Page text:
Culture Watch: Roger Gastman & Caleb Neelon's 'The History of American Graffiti'
(Harper Collins, $40)
Love it, hate it or merely indifferent to it, you can't deny that graffiti (or street) art has been the focus of much notoriety in recent years. Expect attention to accelerate later this month when an international survey exhibition opens at the Museum of Contemporary Art.
Numerous books on the subject have been coming down the pipeline, but so far none seems as comprehensive -- and readable -- as "The History of American Graffiti," which looks at developments in more than 25 U.S. cities and states since the 1970s. Relatively short bursts of informative text, perhaps appropriate to a spray-paint genre originally called "writing," plus hundreds of documentary photographs, cover individual artists, nomenclature, materials, social milieus, civic controversies, legalities, the emergence of a market, media coverage and more.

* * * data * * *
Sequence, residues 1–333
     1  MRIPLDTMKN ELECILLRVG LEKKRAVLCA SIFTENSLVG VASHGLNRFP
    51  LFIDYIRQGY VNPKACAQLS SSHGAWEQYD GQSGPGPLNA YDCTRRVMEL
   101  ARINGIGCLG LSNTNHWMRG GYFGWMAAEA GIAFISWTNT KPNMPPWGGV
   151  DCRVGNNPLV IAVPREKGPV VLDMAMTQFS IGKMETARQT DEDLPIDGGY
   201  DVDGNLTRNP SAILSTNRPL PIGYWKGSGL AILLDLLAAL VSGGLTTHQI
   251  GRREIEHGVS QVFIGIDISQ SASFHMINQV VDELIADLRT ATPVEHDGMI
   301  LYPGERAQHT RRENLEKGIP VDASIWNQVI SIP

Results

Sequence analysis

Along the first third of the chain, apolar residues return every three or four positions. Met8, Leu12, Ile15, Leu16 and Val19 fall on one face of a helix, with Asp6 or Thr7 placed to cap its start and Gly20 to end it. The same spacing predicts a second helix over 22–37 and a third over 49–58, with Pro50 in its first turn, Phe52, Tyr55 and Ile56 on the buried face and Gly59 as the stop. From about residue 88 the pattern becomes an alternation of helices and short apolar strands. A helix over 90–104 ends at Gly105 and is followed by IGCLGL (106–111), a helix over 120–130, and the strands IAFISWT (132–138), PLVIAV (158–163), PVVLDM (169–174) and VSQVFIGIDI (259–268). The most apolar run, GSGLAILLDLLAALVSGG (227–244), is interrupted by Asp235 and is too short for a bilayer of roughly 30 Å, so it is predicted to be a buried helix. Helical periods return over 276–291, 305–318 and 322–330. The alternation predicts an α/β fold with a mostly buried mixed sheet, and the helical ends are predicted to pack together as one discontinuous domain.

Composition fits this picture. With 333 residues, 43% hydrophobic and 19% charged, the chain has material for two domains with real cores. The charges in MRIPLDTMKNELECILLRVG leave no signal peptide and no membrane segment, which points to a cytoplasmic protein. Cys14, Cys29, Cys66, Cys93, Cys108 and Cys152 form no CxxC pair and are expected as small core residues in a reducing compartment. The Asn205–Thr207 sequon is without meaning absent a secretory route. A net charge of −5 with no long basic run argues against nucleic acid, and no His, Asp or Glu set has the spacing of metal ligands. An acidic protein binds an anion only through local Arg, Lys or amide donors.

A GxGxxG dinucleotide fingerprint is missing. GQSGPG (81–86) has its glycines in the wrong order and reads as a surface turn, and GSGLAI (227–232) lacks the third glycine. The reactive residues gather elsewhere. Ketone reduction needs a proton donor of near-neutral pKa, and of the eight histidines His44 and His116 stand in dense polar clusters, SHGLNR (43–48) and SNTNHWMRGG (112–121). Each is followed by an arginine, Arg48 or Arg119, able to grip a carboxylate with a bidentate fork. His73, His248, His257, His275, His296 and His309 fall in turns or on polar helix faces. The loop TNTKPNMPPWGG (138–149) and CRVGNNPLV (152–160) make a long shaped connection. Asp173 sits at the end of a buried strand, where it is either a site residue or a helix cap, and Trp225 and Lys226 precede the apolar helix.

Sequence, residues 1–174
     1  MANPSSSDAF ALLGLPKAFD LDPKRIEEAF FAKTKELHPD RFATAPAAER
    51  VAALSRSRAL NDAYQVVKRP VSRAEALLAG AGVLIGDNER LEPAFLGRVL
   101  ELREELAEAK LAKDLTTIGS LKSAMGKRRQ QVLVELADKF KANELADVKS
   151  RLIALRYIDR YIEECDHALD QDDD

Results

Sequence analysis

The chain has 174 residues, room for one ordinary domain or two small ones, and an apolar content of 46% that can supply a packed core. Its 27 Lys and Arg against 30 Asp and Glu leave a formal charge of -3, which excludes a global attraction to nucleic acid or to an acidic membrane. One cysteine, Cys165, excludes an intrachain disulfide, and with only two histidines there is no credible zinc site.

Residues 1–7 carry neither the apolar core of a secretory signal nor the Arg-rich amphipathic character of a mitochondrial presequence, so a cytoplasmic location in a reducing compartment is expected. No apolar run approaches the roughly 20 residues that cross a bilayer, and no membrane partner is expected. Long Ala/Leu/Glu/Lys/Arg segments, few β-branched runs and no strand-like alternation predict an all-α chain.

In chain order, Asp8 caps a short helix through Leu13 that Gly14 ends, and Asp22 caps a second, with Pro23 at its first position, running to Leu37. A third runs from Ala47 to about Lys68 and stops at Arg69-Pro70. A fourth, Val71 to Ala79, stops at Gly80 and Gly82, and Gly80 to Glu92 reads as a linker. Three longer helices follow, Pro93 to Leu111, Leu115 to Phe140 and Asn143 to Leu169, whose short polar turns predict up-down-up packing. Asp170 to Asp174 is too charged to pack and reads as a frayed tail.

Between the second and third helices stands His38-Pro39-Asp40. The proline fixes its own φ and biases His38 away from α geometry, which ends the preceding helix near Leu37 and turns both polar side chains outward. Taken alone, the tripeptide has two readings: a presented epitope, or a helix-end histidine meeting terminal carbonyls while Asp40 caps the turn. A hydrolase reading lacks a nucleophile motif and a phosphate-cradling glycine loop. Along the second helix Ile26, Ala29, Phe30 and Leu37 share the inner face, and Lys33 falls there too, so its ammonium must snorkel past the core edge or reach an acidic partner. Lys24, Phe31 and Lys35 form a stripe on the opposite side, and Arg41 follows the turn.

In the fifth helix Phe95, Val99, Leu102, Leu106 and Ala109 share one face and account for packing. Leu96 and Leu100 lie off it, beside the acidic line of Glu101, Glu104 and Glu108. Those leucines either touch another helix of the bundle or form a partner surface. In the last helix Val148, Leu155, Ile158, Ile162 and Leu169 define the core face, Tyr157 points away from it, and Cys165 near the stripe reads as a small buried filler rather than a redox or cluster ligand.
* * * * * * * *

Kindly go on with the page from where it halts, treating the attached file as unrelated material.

Graffiti entrepreneurs Roger Gastman, co-curator of MOCA's show, and Caleb Neelon have compiled more of an informal encyclopedia than a formal history, but it's packed with information. Given their common past as urban spray-painters, the authors seem to know whereof they speak.
-- Christopher Knight